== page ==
So you’ve got your Keras model set up, and it can do everything you want it to do. But how do you get it onto an iOS device? Thanks to Apple’s Core ML library, this process is painless and can be done in less than 10 lines of code. Better yet, once you write the code I’ll show you below, there’s very little you’ll have to change for the next time you need to convert a model. Here’s a link to the GitHub repo:
Now let’s begin!
Before we start, what does the whole process look like? Let me break it down step by step:
- Create our model in Keras
- Install coremltools with pip (if you haven’t done so before)
- Save model as .h5
- Set Xcode meta data (optional)
- Convert our model
- Save as .mlmodel
This may seem like quite a few steps, but most of them only require 1 or 2 lines of code. Let’s start with our model.
Creating our model in Keras
First we have to have a model to port. I’m not going to go into Keras in depth in this tutorial since there are plenty of resources online. I’ll just show you the code for the model I’m porting over.
from keras.models import Sequential from keras.layers import Dense, Conv2D, Flatten, MaxPooling2D from sklearn import datasets from sklearn.model_selection import train_test_split digits = datasets.load_digits() X = digits["images"] y = digits["target"] X_train, X_test, y_train, y_test = train_test_split(X, y, test_size=0.1) X_train = X_train.reshape(1617,8,8,1) X_test = X_test.reshape(180,8,8,1) model = Sequential() model.add(Conv2D(32,3,3, activation="relu", input_shape=(8,8,1))) model.add(MaxPooling2D(pool_size=(2 , 2))) model.add(Flatten()) model.add(Dense(units=128,activation="relu")) model.add(Dense(units=10,activation="softmax")) model.compile(optimizer = 'adam', loss = 'sparse_categorical_crossentropy', metrics = ['accuracy']) model.fit(X_train,y_train,epochs=10) results = model.evaluate(X_test,y_test)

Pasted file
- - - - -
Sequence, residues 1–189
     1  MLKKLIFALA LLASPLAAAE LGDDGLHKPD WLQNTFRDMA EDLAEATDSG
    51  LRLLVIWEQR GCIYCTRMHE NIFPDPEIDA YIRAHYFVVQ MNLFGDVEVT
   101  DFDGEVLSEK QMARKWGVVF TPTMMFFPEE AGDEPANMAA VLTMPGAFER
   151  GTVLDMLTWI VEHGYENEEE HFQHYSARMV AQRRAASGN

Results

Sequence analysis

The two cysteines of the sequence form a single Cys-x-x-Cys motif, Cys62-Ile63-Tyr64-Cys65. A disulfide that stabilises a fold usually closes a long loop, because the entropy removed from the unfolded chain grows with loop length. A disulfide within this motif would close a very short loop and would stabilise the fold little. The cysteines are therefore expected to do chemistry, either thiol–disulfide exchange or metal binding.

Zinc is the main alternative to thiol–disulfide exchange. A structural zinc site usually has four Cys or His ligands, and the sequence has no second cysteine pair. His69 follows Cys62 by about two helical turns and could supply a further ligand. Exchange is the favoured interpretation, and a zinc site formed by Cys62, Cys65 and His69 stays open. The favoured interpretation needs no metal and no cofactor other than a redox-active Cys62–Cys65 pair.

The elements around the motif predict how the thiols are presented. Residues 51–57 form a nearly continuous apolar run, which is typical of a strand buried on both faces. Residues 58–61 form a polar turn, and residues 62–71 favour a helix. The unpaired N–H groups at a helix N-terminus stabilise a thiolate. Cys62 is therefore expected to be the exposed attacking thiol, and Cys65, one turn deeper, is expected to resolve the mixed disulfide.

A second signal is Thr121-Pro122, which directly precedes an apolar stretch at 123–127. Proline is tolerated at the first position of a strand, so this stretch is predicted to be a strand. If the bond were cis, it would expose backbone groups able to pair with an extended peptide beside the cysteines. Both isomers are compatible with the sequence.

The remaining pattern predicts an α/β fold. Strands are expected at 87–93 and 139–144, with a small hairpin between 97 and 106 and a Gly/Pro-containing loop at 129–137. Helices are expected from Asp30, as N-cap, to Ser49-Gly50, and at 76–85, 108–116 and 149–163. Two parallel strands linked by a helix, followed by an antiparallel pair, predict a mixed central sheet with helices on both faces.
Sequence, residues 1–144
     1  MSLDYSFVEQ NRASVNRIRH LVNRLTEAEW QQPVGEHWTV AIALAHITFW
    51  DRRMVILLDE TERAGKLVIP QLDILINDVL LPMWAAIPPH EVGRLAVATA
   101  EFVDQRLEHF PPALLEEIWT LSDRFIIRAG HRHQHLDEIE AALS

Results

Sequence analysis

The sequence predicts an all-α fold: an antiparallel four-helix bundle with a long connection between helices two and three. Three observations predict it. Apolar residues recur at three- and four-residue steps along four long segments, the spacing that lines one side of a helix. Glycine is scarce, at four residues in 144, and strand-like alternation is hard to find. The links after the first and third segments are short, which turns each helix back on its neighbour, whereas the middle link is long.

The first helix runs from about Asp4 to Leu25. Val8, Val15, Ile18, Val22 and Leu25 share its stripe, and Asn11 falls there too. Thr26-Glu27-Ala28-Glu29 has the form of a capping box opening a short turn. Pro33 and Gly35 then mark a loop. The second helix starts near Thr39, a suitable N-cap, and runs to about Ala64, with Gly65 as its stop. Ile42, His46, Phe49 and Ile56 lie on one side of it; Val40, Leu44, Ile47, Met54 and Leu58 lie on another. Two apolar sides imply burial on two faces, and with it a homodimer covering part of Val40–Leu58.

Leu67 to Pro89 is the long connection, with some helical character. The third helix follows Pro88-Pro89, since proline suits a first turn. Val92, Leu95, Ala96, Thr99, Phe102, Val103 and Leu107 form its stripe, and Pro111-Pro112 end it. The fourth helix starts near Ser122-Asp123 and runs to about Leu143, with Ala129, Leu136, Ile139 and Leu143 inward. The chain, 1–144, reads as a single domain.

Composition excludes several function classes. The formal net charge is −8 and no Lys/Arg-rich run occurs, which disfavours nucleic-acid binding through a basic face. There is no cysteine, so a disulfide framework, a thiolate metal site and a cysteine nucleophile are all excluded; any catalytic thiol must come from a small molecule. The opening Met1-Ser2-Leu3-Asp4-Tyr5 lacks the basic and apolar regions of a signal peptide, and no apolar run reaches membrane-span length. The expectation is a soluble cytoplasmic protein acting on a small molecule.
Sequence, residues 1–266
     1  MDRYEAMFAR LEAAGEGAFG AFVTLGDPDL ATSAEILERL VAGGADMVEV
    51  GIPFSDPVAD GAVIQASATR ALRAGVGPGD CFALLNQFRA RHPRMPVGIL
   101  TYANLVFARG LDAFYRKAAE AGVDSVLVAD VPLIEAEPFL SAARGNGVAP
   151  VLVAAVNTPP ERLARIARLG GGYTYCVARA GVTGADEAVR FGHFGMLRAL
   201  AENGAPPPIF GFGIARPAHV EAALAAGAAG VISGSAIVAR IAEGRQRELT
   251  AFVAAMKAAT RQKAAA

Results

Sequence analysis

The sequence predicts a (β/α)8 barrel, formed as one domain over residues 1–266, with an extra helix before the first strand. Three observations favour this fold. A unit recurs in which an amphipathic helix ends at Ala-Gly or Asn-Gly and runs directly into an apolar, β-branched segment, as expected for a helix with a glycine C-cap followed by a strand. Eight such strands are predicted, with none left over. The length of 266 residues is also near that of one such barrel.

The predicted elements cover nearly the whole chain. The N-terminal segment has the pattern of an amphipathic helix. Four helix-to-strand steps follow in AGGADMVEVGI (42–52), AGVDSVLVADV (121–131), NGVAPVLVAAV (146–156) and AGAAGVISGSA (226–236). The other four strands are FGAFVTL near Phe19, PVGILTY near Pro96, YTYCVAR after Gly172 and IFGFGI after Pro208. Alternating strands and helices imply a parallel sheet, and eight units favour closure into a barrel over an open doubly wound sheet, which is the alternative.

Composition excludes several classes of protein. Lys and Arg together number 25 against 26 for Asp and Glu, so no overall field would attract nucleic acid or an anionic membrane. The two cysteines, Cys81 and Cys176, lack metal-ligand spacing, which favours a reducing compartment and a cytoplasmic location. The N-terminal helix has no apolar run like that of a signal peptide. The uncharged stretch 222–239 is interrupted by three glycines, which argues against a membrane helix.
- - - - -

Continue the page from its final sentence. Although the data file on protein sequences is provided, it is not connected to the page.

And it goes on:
If you’ve used Keras before, you’ll know that there’s nothing special here. The model above is a Convolutional Neural Net trained on the famous MNIST digits database. The model takes as input an image of a handwritten number and predicts the digit that is in that image. Here is the Wikipedia of the database for more info. I’ve also gone ahead and linked to a reference on CNN’s above in case you’re not familiar with them. Now we can move onto porting our model.
Porting Our Model
If you haven’t installed coremltools before, go ahead and do that first:
After that, we go back to our text editor and start coding. We’ll first need to add our imports — please be sure that all the code from here on out is in the same file that your model was written in.
from keras.models import load_model import coremltools
Then we can save our model as a .h5:
Before we continue, I want to add that saving your model as a .h5 file is not required, but I always like to keep a Keras version of my .mlmodel in case something goes wrong. We can also set our metadata for Xcode to later interpret. Although this step is not required, it allows for better documentation and allows anyone using the model to quickly understand how to use it.
your_model.author = 'your name' your_model.short_description = 'Digit Recognition with MNIST' your_model.input_description['image'] = 'Takes as input an image of a handwritten digit' your_model.output_description['output'] = 'Prediction of Digit
Finally, we go ahead and convert and save our file: